Lloyds is a community pharmacy and retail chain, operating more than 1,700 pharmacies across the UK.

The challenge

Lloyds wanted to reduce the number of locum pharmacists it used and cut its vacancy rate of 10%.

What the organisation did

  • Created an in-house recruitment team, with recruitment supported by high-impact advertising campaign

  • Separate campaign developed to attract graduates, with the creation of a virtual pharmacy

  • Aligned candidates to values via online profiling tool

  • Introduced talent managers into the business; continued to deliver high levels of training.

Benefits and achievements

  • Vacancy rate cut by 50%

  • Overall recruitment costs reduced by 37% and less reliance on locums

  • Talent managers helped to retain members of staff who were thinking of leaving

  • Staff survey showed engagement was at its highest ever and 3% above industry average.

Judge’s comments

Kevin Green says: “The challenge was well defined; a 10% vacancy rate and using locums extensively. The plan was clearly articulated and very innovative and integrated, and a number of different strands of activity were undertaken.”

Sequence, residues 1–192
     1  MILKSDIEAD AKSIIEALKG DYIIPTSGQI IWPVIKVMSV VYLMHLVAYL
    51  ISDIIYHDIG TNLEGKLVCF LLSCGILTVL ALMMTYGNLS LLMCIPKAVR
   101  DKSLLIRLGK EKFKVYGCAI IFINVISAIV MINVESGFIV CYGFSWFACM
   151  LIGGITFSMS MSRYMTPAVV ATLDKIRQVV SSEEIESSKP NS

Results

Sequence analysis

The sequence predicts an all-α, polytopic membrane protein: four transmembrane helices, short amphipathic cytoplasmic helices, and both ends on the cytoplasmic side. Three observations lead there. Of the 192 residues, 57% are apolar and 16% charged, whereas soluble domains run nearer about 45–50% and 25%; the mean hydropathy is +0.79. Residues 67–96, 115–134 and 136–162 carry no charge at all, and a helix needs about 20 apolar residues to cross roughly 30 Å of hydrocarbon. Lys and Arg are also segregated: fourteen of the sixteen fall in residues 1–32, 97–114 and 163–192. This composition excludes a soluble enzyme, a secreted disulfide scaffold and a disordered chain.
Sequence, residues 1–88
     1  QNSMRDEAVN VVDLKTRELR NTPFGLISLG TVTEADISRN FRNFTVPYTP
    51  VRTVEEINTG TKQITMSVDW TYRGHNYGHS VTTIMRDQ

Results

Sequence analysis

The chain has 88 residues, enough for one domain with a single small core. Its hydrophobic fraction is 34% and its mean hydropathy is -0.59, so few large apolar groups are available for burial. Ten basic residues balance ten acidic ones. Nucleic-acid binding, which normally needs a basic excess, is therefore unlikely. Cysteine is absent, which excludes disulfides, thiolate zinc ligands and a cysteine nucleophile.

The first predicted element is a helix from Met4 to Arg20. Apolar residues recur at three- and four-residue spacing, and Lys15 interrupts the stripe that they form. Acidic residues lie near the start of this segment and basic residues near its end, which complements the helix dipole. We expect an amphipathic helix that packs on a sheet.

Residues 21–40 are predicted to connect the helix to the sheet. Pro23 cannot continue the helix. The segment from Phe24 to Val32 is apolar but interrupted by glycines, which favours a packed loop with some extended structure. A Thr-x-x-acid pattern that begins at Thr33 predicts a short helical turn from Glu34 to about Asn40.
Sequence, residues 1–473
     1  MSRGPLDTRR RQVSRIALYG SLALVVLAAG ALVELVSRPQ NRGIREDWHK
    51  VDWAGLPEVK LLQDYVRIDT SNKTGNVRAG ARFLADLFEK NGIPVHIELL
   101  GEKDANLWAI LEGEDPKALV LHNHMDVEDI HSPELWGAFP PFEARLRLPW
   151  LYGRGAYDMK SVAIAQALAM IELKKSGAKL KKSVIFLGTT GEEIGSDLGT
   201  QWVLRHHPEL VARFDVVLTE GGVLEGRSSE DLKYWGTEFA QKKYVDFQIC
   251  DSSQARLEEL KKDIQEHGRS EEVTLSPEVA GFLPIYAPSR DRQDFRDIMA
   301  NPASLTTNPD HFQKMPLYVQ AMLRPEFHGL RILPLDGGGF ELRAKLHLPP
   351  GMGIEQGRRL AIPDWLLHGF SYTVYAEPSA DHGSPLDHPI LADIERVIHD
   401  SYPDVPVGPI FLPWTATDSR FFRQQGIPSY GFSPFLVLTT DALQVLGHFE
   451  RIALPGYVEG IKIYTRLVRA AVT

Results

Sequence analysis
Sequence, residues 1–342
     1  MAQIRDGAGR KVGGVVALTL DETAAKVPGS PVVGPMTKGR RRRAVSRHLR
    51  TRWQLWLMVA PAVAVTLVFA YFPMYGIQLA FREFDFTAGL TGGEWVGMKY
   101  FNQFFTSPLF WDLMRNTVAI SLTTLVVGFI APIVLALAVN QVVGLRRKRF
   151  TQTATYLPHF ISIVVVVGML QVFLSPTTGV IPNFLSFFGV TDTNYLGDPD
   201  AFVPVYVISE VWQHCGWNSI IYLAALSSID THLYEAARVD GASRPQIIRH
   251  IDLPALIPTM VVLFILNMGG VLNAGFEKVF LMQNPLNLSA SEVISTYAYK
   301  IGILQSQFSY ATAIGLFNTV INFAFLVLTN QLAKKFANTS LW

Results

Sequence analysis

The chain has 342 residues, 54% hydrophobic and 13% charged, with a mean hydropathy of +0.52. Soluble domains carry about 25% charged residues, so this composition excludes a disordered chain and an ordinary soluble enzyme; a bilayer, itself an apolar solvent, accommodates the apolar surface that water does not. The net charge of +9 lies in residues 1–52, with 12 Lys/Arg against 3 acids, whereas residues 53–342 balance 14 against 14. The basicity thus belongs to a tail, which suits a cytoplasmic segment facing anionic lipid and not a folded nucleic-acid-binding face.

The team: Learning and development
Number in team: 51
Number of staff responsible for: 150,000

About the organisation

Sainsbury’s Supermarkets is the UK’s longest-standing major food retailing chain, having opened its first store in 1869.

The challenge

In June 2006, Sainsbury’s was one of the first employers to sign up to the government’s skills pledge. In February 2008, it was reported that only 50% of Sainsbury’s staff had Level 1 numeracy and literacy – a significant skills gap.

What the organisation did

  • Overhauled all of its existing specialist recruitment, skills training programmes and partnerships by uniting them under one umbrella

  • The ‘You Can’ scheme offers a training and qualifications package involving government, charities and local employment agencies

  • Created bespoke apprenticeships covering specific retail areas.

Benefits and achievements

  • 1,048 employees have entered ‘You Can’ from Jobcentre Plus and partners

  • Recruitment cost savings of nearly £4.9m

  • 225 apprentices employed with 70% achievement rate

  • 170 ex-offenders have been given employment; the programme has a 90% retention rate

  • 1,000 staff working towards job-related qualifications.

Judge’s comments

Emma Parry says: “This was a fairly innovative piece of work, particularly in targeting usually disadvantaged groups and raising skill levels.”